New twist threatens to derail Qld’s Virgin bid

 

QUEENSLAND'S stake in Virgin Australia is under threat as rogue bondholders make a last-minute bid to steal ownership of the airline from American investment giant Bain Capital.

A group of bondholders represented by Singapore's Broad Peak Investment Advisers and Hong Kong's Tor Investment Management will present their plan for the carrier at a meeting of creditors on August 22.

The group won permission from the Federal Court on Friday to present its plan for the airline to creditors, putting the previously-announced takeover of the airline by Bain Capital in doubt.

Federal Court Judge John Middleton said Deloitte was required to provide bondholders access to sufficient information ahead of the creditors' meeting and warned that the sale process could be delayed or terminated if they did not meet these obligations.

"If a creditor at the meeting needs more time or information to consider their position, this could be a reason to adjourn the meeting of creditors," his judgment said.

Bondholders' late charge threatens to derail the Queensland Government's plan to take a stake in the airline, with Queensland Investment Corporation locked down in talks with the Bain Capital bid.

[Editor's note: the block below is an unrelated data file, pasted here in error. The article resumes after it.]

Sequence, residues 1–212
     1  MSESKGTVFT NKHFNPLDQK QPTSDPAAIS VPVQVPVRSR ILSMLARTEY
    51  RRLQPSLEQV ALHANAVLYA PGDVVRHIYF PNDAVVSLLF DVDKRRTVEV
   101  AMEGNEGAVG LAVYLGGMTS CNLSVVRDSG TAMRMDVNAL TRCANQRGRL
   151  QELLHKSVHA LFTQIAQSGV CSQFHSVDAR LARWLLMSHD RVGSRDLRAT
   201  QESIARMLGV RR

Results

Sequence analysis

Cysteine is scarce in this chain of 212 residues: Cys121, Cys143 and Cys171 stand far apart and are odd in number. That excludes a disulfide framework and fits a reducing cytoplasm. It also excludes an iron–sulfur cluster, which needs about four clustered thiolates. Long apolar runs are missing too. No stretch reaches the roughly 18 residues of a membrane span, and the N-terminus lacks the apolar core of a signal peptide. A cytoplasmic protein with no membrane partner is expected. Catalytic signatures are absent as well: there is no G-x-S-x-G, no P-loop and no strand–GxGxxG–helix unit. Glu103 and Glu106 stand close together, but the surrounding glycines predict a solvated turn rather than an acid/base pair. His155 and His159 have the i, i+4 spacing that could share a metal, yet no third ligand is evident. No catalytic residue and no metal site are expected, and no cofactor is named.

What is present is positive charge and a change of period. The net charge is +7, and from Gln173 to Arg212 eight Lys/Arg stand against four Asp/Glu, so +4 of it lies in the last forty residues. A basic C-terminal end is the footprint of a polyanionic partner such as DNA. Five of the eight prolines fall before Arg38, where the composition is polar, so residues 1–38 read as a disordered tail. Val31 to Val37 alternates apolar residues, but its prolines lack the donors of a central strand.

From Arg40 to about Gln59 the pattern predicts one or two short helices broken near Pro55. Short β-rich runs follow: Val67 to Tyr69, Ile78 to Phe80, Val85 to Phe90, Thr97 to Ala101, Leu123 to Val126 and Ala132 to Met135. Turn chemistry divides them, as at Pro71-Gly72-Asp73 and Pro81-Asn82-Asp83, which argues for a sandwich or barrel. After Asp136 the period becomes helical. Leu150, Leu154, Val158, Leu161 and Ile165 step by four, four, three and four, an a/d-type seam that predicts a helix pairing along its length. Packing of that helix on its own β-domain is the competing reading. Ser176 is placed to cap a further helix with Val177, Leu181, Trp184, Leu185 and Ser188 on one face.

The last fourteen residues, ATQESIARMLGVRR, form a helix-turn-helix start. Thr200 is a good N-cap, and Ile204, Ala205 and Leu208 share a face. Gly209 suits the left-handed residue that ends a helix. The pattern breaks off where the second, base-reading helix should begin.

QIC, doing its lobbying on behalf of the State Government, has shunned the resurgent bondholders and instead focused on doing a deal with the presumptive new American owner.

Some Virgin Australia aircraft have been grounded since April. (AAP Image/Dan Himbrechts)
Some Virgin Australia aircraft have been grounded since April. (AAP Image/Dan Himbrechts)

It is understood the State Government has offered equity, working capital and economic incentives to Bain Capital to keep the airline and hundreds of workers based in Queensland.

Bain remains locked in talks with Virgin Australia management over the future of thousands of workers and dozens of routes.

Up to 4000 jobs are tipped to go from the Queensland carrier with long-haul crew and pilots, non-operational staff and workers at the now-defunct TigerAir likely to face the axe as the airline is downsized.

Virgin Australia went into administration on April 21 with debts of $6.8bn owed to more than 10,000 creditors.

Secured lenders and aircraft financiers are owed about $2.28b, while aircraft lessors are owed around $1.88b.

Landlords, including the nation's major airports, are owed about $71m.

 

 

Originally published as New twist threatens to derail Qld's Virgin bid



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